Where Are the Jobs?

ALL the claims made by Prime Minister Modi and his government about the number of jobs being created have proved to be baseless. The harsh reality of rising unemployment is being seen every day.

Recently, on September 17, 1.9 crore applicants appeared for the Railway Recruitment Board exam to fill 62,907 vacancies for jobs at Level I (equivalent to Group D). These are jobs such as gangman, gateman, helpers in electrical and mechanical departments etc.  A large number of those who appeared were postgraduates.

Earlier, in Uttar Pradesh, 23 lakh people applied for around 400 Class IV jobs, of these 50,000 were graduates.  Similarly in West Bengal, in 2017, for 6,000 jobs in Class IV, or, Group D  category, 25 lakh candidates appeared for  the examination, many of them graduate, or, postgraduate degree holders.  More than two lakh candidates appeared for 1,137 vacancies for police constables in Mumbai.  The basic qualification required was 12th standard, but among those who applied were 543 postgraduates and 425 engineering graduates.

What is striking about these figures is the huge number of job seekers and, secondly, a large number of those who applied are over-qualified for the posts.  This shows the enormity of educated unemployment.

This is a fact confirmed by a study conducted by the Azim Premji University in its report “State of Working India”.  The study found that unemployment rate among the graduates is three times the national average of all unemployed. It also found that unemployment among young and highly educated Indians is the highest in twenty years.  The report has quantified this as of the total 2.3 crore unemployed, 90 lakhs are graduates, or, those with higher levels of education. 

The other feature is that a growing number of job seekers prefer government employment.  According to a national youth survey conducted by the Centre for the Study of Developing Societies, between 2007 and 2016, the number of respondents who preferred government jobs increased from 62 per cent to 65 per cent.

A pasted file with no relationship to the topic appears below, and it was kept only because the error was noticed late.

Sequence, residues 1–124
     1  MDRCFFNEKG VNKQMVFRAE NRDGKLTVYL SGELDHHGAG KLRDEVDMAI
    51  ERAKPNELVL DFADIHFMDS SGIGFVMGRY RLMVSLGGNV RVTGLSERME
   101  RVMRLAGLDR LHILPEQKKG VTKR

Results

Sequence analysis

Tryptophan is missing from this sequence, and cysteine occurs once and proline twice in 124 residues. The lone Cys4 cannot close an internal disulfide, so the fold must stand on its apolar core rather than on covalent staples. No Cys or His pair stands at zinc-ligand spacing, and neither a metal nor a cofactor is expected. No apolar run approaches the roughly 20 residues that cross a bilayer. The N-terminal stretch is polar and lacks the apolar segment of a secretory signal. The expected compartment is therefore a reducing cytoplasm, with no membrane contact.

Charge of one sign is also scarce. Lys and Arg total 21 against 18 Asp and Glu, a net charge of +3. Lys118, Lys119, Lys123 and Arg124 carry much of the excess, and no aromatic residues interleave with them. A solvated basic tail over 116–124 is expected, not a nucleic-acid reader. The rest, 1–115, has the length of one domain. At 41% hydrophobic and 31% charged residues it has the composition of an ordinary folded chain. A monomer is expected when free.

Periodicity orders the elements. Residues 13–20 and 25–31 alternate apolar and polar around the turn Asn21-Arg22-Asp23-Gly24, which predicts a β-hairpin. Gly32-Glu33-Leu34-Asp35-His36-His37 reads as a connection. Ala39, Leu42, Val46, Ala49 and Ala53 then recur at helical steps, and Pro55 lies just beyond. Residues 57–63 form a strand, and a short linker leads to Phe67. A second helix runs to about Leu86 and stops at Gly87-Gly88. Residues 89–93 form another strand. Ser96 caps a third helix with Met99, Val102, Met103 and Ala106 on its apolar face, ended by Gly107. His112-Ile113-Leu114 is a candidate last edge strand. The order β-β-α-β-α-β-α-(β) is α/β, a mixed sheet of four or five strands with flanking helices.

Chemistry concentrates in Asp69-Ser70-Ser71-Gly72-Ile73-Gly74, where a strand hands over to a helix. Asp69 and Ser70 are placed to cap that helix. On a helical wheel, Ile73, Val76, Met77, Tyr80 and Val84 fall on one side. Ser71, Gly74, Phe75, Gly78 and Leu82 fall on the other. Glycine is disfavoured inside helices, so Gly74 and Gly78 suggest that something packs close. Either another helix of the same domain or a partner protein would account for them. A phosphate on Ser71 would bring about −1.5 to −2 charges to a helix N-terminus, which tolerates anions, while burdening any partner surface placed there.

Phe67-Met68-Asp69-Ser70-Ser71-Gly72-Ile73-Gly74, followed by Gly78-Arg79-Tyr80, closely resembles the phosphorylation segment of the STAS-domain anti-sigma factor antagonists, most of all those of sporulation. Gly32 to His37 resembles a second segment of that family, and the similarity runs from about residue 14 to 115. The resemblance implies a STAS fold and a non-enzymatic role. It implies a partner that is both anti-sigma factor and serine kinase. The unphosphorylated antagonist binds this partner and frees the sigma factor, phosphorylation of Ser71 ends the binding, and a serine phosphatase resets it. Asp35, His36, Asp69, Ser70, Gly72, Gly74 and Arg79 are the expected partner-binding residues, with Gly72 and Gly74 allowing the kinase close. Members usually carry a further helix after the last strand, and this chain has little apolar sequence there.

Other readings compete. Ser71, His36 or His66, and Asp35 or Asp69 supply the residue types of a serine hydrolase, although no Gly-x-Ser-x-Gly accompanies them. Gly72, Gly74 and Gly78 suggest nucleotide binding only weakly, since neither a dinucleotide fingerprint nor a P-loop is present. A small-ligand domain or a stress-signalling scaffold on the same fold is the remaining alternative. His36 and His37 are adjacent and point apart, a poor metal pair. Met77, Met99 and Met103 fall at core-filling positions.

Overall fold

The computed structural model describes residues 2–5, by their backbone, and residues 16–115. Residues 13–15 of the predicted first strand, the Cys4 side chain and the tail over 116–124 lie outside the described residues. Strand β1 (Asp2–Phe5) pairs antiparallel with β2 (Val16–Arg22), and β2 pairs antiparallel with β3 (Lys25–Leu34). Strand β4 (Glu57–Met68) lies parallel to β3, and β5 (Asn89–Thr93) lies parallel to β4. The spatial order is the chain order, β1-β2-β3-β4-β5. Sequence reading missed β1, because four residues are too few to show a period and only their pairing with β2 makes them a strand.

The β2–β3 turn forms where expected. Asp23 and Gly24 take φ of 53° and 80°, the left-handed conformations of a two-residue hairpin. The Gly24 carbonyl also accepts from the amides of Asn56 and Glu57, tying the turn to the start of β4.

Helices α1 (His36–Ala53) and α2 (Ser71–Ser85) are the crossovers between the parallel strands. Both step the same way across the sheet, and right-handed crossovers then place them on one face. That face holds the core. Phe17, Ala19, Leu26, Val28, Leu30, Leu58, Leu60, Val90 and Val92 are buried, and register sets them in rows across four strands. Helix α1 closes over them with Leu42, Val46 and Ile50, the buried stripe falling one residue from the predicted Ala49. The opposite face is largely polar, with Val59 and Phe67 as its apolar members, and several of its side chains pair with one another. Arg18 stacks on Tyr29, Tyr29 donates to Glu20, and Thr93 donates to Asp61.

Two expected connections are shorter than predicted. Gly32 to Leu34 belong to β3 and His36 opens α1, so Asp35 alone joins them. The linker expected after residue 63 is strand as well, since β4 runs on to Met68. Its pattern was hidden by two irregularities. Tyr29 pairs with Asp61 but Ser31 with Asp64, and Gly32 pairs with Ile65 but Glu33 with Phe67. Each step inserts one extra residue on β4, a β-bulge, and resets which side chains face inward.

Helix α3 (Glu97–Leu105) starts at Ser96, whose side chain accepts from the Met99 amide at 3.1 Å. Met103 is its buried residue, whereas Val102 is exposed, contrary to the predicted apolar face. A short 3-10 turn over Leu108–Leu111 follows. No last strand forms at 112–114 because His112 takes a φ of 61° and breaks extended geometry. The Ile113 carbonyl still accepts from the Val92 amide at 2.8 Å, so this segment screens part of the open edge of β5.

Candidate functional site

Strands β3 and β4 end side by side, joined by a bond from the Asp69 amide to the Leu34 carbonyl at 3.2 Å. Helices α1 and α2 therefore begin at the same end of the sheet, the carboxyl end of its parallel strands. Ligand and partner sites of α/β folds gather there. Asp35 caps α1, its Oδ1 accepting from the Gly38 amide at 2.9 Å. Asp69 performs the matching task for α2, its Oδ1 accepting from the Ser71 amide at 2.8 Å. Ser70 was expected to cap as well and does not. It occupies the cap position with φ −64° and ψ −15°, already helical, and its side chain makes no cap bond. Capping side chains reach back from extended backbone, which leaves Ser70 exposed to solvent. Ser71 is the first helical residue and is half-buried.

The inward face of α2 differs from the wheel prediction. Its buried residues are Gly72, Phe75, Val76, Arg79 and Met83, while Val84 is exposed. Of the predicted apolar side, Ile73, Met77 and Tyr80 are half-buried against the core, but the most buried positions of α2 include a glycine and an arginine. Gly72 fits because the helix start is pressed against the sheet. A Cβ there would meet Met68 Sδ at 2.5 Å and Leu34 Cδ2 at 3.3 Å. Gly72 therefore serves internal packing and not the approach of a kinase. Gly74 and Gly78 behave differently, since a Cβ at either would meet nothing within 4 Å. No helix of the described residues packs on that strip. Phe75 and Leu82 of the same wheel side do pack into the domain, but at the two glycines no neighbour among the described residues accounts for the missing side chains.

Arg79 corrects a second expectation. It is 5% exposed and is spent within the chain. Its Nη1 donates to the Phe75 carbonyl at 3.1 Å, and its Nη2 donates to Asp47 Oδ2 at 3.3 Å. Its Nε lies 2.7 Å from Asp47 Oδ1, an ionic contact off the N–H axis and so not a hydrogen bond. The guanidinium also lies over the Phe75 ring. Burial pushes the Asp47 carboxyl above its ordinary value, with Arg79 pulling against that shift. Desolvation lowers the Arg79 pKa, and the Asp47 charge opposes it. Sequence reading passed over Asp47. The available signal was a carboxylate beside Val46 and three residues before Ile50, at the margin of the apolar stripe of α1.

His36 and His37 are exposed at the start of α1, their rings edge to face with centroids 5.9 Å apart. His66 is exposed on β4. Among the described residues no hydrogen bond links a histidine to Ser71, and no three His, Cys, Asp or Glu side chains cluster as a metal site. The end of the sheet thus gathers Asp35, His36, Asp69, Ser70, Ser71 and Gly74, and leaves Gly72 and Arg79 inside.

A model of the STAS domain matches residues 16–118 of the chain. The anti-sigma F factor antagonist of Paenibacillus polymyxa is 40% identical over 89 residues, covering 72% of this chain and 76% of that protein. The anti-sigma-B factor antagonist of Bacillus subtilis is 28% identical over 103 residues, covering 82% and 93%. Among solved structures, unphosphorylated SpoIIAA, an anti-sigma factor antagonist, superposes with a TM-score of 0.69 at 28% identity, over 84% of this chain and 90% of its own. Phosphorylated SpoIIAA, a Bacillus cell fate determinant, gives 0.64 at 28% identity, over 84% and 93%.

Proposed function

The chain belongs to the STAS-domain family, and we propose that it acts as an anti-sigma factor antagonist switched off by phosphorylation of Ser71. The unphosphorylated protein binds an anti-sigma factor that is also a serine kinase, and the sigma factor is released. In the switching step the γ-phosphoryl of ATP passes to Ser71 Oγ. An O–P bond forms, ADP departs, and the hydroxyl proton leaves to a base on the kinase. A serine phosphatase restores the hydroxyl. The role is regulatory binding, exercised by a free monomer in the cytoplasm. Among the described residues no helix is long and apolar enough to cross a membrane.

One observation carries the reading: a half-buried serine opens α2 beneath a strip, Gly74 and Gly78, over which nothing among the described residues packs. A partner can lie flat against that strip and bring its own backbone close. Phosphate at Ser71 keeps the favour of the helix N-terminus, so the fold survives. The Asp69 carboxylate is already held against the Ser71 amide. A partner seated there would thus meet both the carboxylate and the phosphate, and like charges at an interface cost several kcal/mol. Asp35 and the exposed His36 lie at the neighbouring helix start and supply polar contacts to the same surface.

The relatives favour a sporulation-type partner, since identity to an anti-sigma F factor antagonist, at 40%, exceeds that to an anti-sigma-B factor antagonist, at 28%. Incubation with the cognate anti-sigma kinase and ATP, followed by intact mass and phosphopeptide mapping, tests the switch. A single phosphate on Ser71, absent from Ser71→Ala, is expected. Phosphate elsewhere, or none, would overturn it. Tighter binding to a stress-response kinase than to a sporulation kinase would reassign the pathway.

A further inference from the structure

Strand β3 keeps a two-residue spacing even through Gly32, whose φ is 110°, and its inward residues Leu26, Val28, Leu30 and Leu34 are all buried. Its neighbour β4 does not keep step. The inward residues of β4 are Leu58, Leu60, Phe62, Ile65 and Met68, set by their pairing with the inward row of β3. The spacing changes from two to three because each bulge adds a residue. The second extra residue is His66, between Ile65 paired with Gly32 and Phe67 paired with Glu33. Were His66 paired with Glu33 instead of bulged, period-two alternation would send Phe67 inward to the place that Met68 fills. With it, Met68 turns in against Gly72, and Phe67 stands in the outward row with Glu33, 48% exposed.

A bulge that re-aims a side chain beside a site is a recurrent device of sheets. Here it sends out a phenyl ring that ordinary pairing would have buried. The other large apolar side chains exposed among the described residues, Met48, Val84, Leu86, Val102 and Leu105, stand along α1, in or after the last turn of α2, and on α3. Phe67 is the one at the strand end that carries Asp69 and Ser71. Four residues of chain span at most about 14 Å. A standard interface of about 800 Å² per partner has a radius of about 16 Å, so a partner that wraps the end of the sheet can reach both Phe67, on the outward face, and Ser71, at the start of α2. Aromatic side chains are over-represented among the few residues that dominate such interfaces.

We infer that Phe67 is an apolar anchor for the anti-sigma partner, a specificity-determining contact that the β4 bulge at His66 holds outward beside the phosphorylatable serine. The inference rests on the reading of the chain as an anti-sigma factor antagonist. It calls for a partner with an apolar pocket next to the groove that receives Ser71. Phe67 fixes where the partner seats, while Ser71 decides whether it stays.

The reason for this is that the jobs available at present are in the informal sector where there is no security of jobs, low incomes and poor quality of work.  This is what compels even postgraduates and engineers to apply for Class IV jobs in the railways, or, other government related sectors.  At least they hope to get a permanent job and various social security benefits.

Contrary to the claims of the Modi government of generating jobs in various sectors, it is the policies of the government which have resulted in destruction of jobs.  Chief among them was the demonetisation of Rs 500 and Rs 1,000 notes in November 2016. According to a widely cited study by the Centre for Monitoring Indian Economy (CMIE), 35 lakh jobs were lost due to the impact of demonetisation.

The CMIE report also shows how female labour participation fell sharply due to the impact of demonetisation.  India has one of the lowest female labour participation rates in the world.

After four and a half years of the Modi government, the data on employment confirms a basic fact – neo-liberal growth does not generate employment.  According to government statistics, India’s GDP grew by 8.2 per cent in the first quarter of this financial year, i.e., from April to June 2018.  However, during the same quarter, employment declined by one per cent. 

While the growth rate of GDP appears rosy, the unemployment rate rose to 6.4 per cent in August this year.  This is higher than the 5.6 per cent rate in July and far higher than the 4.1 per cent unemployment rate recorded in August 2017.

This attests to the all-round failure of the Modi government in generating sufficient employment to meet the requirements of the new job entrants every year which is estimated to be 1.2 crore.

Modi government’s policies have perpetuated the agrarian crisis resulting in high rural unemployment; 50 per cent of the workforce in India is in agriculture.  The policies of privatisation and opening up of all basic services to the market have resulted in a bulk of employment being in the informal sector.  It is here that there is maximum exploitation with no minimum wages, job security and social security benefits. 

The only other option open is to be “self-employed” – an euphemism for those who can find no other means of livelihood.  It is to these desperate people that Modi has dangled the prospect of “making pakodas” as a decent livelihood.

If India has to provide its youth with worthwhile jobs and the growing workforce of men and women with a productive livelihood, it would require a reversal of the neo-liberal economic policies. What is to be put in place, instead, are a whole set of alternative policies with the generation of employment as the centerpiece. 
(October 17, 2018)

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